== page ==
Walking up to Liberty Kitchen and Oyster Bar, customers are greeted with two stern warnings — no smoking and no Alison Cook.
The highly-anticipated Heights restaurant marks the newest venture for owners Lance Fegen and Lee Ellis, whose BRC Gastropub and Petite Sweets have enjoyed considerable buzz in the local foodie community.
Open only a week, Liberty Kitchen has yet to be reviewed by the noted Houston Chronicle food critic.
On Friday, Cook discussed the ban with a mixture of confusion and pride, suspecting her lukewarm review of BRC in 2010 may have sparked the preemptive un-invitation. The "Warning: We use white plates" on the sign banning Cook further alludes to her review that suggested BRC serve its pimento cheese dip in ramekins rather than on white plates.
"I'm a little nonplussed that Fegen seems to think I have it in for him," Cook wrote on her blog, noting that while she criticized BRC, she did praise its burger in her Burger Friday post. She also wrote a positive review for Fegen’s popular Glass Wall in 2006.
The critic received a barrage of online commentary, ranging from supportive to nasty.
"I've got to admit I'm amused to see my name on a restaurant door with a red slash through it," Cook wrote on her blog. "I mean, I was once hung in effigy at a restaurant banquet, and I felt strangely honored."
One post mistook Cook for Allie Matsu (aka Allison Hiromi), whose late night tweets brought scandal to Down House this summer. The commenter admitted the mistake only to mention a 2010 incident in which the critic was asked to leave Jonathan's The Rub.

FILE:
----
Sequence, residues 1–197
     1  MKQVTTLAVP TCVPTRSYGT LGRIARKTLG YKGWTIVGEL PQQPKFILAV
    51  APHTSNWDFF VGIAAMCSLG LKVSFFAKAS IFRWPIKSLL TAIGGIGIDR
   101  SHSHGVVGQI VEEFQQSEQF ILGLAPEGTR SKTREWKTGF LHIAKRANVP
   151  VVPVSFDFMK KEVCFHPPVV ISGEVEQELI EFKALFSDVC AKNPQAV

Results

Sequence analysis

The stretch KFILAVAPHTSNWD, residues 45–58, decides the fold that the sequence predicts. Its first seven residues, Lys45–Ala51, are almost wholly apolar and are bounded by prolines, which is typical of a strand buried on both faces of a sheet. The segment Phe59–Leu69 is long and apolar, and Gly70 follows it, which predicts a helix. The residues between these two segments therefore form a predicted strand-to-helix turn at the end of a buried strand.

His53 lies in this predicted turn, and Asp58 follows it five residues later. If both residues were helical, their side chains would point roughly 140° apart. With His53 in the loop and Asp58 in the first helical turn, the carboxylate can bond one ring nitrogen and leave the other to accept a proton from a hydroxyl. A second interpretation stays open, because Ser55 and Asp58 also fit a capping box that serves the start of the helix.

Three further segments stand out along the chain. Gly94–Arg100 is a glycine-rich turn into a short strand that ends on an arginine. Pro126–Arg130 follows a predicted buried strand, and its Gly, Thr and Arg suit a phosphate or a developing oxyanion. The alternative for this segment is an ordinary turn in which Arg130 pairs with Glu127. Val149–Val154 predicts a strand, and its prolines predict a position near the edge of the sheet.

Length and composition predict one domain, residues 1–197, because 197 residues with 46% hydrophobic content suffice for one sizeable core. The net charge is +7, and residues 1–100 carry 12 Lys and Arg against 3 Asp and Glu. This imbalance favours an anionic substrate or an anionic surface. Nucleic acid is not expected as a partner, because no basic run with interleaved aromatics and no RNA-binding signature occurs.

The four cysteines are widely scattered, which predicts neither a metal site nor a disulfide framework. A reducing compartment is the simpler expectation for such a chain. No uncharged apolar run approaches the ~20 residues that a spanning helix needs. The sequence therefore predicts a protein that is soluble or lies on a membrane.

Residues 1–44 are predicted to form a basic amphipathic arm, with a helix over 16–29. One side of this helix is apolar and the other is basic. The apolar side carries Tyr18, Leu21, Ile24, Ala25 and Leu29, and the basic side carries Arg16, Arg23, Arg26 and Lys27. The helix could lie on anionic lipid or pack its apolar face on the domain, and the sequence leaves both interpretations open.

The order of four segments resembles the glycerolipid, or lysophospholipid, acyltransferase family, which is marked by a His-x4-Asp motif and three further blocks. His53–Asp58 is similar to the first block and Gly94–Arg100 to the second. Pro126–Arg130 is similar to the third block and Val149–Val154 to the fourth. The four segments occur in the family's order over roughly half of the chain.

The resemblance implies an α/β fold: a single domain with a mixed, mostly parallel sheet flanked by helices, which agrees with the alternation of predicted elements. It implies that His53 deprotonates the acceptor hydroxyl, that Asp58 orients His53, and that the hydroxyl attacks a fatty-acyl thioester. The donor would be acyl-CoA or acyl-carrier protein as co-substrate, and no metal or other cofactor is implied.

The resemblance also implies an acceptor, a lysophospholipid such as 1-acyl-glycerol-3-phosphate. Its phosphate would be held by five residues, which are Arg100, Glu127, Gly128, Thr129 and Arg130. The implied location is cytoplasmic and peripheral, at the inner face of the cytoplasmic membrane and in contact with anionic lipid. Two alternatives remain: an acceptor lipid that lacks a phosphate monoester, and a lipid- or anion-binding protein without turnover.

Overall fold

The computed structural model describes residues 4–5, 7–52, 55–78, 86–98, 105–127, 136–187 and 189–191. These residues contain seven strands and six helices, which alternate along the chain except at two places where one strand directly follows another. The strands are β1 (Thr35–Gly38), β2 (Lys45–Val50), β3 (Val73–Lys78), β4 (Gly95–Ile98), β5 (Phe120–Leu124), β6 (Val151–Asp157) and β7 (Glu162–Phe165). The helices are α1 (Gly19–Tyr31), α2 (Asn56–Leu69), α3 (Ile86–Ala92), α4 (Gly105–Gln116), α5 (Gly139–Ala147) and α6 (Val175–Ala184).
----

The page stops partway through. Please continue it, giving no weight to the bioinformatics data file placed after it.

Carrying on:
Allison Hiromi declined to comment on the confusion with a Twitter post: "Thx CultureMap journalist, but I don't really want to make a statement or answer Qs regarding why @alisoncook or I got banned from a place."
CultureMap spoke with Ellis, who confirmed the No Alison Cook sign, but said he was unable to give further details at this time. He promised to get back with us soon.
Efforts to contact Cook, who in a long career has written for Texas Monthly, the Houston Press, Esquire, the New York Times Sunday magazine, Gourmet, Saveur, Food & Wine, House & Garden and Vogue, were unsuccessful. But she appears to be taking the sign and comments in stride.
"I've got to admit I'm amused to see my name on a restaurant door with a red slash through it," she wrote on her blog. "I mean, I was once hung in effigy at a restaurant banquet, and I felt strangely honored."